The long-recognised parallels between the yearly return of Persephone to earth from the Underworld and the spiritual renewal of Christian resurrection, were dwelt on by Meredith and Frazer among other writers, and Leighton signals his own awareness of the connection very clearly in his use of the motif of linked, rising upright figures in both subjects. With its unambiguous movement upwards from darkness to light The Return of Persephone conveys a clear and positive meaning; the much darker tonality and less certain ascent of the half-living, half-dead figures in And the Sea Gave up the Dead make for a disturbingly ambiguous expression of both the morbid and the optimistic aspects of the Symbolist world view. Not surprisingly, the picture baffled some of Leighton's most enthusiastic critics. The Chapter of St Paul's had objected to the original design as 'unsuitable for a Christian church', and in its achieved form it was no easier to digest. The Magazine of Art thought his new version possessed 'a cold - almost oppressive - dignity'. Leighton's application of his famous principles of Classical Idealism to the depiction of the dead was itself worrying; the way the subject hovers between hope and annihilation, the subtle balance of promised life and actual death, were both unexpected and hard to understand. Leighton was rarely so shocking.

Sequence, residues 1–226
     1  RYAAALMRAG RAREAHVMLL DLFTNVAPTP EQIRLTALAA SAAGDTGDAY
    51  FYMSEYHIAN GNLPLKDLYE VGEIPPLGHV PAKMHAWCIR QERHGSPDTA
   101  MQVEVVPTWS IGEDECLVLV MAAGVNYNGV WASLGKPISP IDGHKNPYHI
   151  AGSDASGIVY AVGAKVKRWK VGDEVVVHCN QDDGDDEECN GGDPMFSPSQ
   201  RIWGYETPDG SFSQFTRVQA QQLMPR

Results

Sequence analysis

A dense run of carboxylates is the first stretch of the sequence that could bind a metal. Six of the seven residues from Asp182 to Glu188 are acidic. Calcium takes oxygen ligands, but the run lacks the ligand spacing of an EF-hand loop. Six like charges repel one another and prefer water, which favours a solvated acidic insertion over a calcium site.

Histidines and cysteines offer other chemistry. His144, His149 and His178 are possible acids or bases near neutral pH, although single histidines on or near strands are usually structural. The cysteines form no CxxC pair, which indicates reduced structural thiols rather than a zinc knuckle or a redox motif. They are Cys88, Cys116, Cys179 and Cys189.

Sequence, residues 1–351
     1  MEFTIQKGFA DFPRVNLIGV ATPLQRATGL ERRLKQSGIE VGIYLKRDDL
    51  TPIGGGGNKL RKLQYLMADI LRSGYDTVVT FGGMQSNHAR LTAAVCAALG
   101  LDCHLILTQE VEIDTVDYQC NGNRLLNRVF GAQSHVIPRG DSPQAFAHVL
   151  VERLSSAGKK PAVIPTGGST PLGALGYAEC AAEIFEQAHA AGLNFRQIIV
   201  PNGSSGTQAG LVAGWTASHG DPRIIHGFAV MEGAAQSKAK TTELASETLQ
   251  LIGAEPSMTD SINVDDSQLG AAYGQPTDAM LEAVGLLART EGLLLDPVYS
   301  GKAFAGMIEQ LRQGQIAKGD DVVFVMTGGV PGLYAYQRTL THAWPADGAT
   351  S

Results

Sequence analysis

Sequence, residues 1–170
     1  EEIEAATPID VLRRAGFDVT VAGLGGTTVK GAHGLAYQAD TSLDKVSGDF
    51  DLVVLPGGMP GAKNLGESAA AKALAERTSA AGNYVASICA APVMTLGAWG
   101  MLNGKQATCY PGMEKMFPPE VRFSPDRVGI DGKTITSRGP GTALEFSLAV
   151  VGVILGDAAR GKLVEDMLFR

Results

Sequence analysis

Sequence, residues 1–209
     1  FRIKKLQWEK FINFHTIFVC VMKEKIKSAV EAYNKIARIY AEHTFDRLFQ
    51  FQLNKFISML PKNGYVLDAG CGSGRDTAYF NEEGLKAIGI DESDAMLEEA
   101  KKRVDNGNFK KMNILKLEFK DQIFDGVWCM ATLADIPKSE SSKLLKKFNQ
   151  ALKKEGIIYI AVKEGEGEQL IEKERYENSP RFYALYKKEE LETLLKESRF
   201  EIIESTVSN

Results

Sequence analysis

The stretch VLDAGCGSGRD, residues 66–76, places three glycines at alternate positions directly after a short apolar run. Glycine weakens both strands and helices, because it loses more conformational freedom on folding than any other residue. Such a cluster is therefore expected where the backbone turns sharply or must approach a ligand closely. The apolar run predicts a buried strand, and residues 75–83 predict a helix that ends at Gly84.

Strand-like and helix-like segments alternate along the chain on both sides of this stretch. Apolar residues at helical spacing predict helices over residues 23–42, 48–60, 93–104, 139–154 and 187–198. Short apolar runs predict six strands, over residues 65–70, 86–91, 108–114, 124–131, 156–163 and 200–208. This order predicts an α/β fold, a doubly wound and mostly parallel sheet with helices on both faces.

Christopher Newall and Andrew Wilton

Published in:
Andrew Wilton, Robert Upstone, and others, The Age of Rossetti, Burne-Jones & Watts: Symbolism in Britain 1860-1910, exhibition catalogue, Tate Gallery, London 1997, pp.259-60 no.120, reproduced in colour p.259